“....8,000 serious strokes in Britain alone, could be avoided (by the ones at risk) taking anticoagulants”......

That’s compelling and direct evidence.

Why risk your QOL, being a major burden to others or death if you can make more of an attempt to avoid it? I am not getting the logic. Do you not believe the data? No one likes this medication for sure. Yes, pharmaceutical companies make money from our illnesses, but so do funeral homes.

I agree. None of us want this condition or to have to take medication but I also think myself very very lucky that I live in a country where such treatments are freely available to me. Of course It's right to try to reduce unpleasant side effects from medication of but not at the risk of serious harm

Very very interesting post guys from both sides brilliant and food for thought for a balanced approach

You've now had more AF episodes than I've had. I only had 6 before my ablation (and none since (so far)).

li17 profile image
li17 in reply to UScore

I know. I remember you had six episodes in 15 months before ablation. By the time I contacted you I had only 4 episodes and was in a period of 105 days without any. Then I had two in March and one in April. My life is seriously affected. Sometimes I just wanted to call the doc and lay down for an ablation, but still, being told it’s not a cure, I’m so frustrated and concerned to get one. That’s why I have constant debates.

UScore profile image
UScore in reply to li17

Just go for it.

If there is no "cure" you have to go for the next best thing.

Hi li17

I was diagnosed afib sept 2015. I only realised I had it owing to one odd high HR when running causing a temporary fluttery feeling in chest. then 6 weeks or so later i had a similar fluttery feeling a 21:30 and just out of interest I put on my garmin hr belt for my running sat nave and found out i was doing 165 bpm sat dow!. It stopped there all night so i rang 111 in the morning and asked for advice and they sent an ambulance! I was totally asymptomatic . Less than 24 hours laterIn hospital I returned to nsr. I ended up just taking 60mg of verapamil pet day as rate control. I then found if I had the rising HR then going running cured it . My HR went high, 7 to mins of running and it dropped to my normal 150bpm running rate for 6 miles. Then normal nsrcafterci stopped runnning.I usually took 120mg of verapamil rate control before starting the run for after wards, (verapamil took 4 hours plus to get into the system so no use as a pip)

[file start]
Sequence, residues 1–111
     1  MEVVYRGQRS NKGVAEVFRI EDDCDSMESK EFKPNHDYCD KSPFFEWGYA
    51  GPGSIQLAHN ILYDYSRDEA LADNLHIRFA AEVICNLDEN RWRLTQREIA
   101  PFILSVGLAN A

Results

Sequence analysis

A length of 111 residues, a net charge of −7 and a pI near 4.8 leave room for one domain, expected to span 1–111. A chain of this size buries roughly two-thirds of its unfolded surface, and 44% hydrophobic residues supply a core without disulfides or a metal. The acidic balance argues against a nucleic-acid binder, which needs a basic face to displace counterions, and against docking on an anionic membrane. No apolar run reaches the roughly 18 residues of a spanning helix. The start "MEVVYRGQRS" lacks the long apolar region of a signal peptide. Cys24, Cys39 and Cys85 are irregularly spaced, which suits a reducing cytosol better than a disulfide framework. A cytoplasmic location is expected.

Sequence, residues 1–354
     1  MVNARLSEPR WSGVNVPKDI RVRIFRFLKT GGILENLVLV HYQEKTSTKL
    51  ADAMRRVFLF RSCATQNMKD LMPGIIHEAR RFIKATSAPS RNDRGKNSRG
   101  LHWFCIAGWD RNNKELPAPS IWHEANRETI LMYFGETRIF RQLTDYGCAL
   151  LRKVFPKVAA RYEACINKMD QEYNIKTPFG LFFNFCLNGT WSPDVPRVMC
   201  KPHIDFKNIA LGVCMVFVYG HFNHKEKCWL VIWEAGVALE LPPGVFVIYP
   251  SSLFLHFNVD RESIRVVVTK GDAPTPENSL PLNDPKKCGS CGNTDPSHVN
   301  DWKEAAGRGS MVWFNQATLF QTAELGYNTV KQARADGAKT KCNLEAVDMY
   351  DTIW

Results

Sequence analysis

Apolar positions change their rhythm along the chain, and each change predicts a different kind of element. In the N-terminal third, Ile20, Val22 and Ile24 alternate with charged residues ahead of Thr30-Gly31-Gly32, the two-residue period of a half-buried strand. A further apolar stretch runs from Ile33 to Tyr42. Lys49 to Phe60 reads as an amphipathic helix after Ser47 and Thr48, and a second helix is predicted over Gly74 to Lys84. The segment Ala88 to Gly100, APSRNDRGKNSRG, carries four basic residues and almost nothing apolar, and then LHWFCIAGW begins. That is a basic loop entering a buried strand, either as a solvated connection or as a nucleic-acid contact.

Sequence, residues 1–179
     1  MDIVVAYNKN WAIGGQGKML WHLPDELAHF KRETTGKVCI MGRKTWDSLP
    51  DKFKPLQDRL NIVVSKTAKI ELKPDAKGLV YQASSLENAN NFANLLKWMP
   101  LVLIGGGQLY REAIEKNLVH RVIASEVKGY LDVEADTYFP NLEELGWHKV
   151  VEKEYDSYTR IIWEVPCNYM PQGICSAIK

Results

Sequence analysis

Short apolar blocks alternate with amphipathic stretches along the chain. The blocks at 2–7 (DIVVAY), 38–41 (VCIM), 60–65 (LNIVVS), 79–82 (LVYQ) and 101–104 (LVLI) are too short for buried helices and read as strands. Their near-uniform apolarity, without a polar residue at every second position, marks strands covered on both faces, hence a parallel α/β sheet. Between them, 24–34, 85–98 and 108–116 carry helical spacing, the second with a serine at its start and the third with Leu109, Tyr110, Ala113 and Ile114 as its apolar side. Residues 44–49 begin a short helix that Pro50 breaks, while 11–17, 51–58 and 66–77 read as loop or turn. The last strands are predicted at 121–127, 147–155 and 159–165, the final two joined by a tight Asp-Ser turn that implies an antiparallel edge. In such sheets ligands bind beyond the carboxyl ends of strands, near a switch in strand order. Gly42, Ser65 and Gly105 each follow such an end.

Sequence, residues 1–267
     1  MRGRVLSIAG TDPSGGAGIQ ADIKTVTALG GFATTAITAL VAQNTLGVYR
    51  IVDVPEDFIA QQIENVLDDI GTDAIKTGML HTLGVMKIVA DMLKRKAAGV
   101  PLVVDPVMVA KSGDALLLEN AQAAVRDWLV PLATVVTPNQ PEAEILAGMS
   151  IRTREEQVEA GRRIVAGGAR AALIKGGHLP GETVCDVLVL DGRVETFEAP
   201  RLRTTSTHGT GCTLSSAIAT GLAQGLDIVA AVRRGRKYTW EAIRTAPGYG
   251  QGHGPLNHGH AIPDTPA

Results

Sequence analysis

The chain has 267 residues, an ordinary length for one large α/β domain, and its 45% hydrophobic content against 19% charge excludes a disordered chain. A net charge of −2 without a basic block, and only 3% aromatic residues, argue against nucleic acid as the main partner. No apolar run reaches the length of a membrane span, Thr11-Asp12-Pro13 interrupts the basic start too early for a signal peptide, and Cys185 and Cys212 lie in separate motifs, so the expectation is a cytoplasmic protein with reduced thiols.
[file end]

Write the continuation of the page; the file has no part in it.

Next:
I pulled this trick off approximately 12 times in 22 months. The highest HR I recorded was 243bpm. I was asymptomatic at that.

Then June 17 I had two attacks in a 10 days that took multiple runs to get fixed and a lot longer than 10 minutes .

2 weeks after that (mid July 17) I had another attack. I ran and ran over a couple of days . It would not go away. The magic trick no longer worked.

I ended up in hospital 3 times over 8 or 9 days and only got cardioverted by flecainide infusion , and after that I had to be on flecainide and diltiazem daily.

In hospital I started off a asyptomatic but after 8 days at 140 to 190bpm i was totally knackered. Not sure I have been the same since. I cannot really tell as I have been on the drugs since and I do not like the drugs . They limit my exercise tolerance, give me brain fog and keep me tired.

Only at that point did I start looking for an ablation. I was lucky in it only took 4 months to get an appointment with an EP and an ablation 10 weeks after that. 9 days after the ablation l developed atrial flutter Which was very aymptomatic: very tited and breathless just walking around the house.

Again lucky got a second ablation in 3 weeks after the flutter started.

I have now stopped the flecainide and hoping to drop the diltiuazem after the 8th May after my EP appointment.

Point of the note:

Unfortunately the afib can develop so the excercise option stops working ( I was gutted!).

Afib begets afib. The more you have it the more you are likely to have it. (Atrial remodelling?) Something caused my flutter. ( afib or the drugs or both?) When he afib stopped the flutter started.

What would I do different with hindsight?